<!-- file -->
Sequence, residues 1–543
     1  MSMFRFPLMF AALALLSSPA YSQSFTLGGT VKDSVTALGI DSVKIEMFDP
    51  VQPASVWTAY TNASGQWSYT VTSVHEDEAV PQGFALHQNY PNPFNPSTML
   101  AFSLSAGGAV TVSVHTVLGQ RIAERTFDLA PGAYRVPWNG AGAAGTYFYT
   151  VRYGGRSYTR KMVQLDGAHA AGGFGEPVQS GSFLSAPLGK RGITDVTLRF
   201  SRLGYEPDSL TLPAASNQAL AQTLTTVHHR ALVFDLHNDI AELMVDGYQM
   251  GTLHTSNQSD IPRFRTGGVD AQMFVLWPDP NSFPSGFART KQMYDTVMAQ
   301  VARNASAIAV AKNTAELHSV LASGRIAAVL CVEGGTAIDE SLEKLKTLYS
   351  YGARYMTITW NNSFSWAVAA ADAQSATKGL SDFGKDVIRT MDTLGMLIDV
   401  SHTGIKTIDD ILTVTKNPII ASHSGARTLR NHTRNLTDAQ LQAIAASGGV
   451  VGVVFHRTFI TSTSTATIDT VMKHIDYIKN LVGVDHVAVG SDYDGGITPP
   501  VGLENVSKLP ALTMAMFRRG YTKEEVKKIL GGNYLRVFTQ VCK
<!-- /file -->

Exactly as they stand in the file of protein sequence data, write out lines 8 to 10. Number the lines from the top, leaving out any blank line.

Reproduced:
   301  VARNASAIAV AKNTAELHSV LASGRIAAVL CVEGGTAIDE SLEKLKTLYS
   351  YGARYMTITW NNSFSWAVAA ADAQSATKGL SDFGKDVIRT MDTLGMLIDV
   401  SHTGIKTIDD ILTVTKNPII ASHSGARTLR NHTRNLTDAQ LQAIAASGGV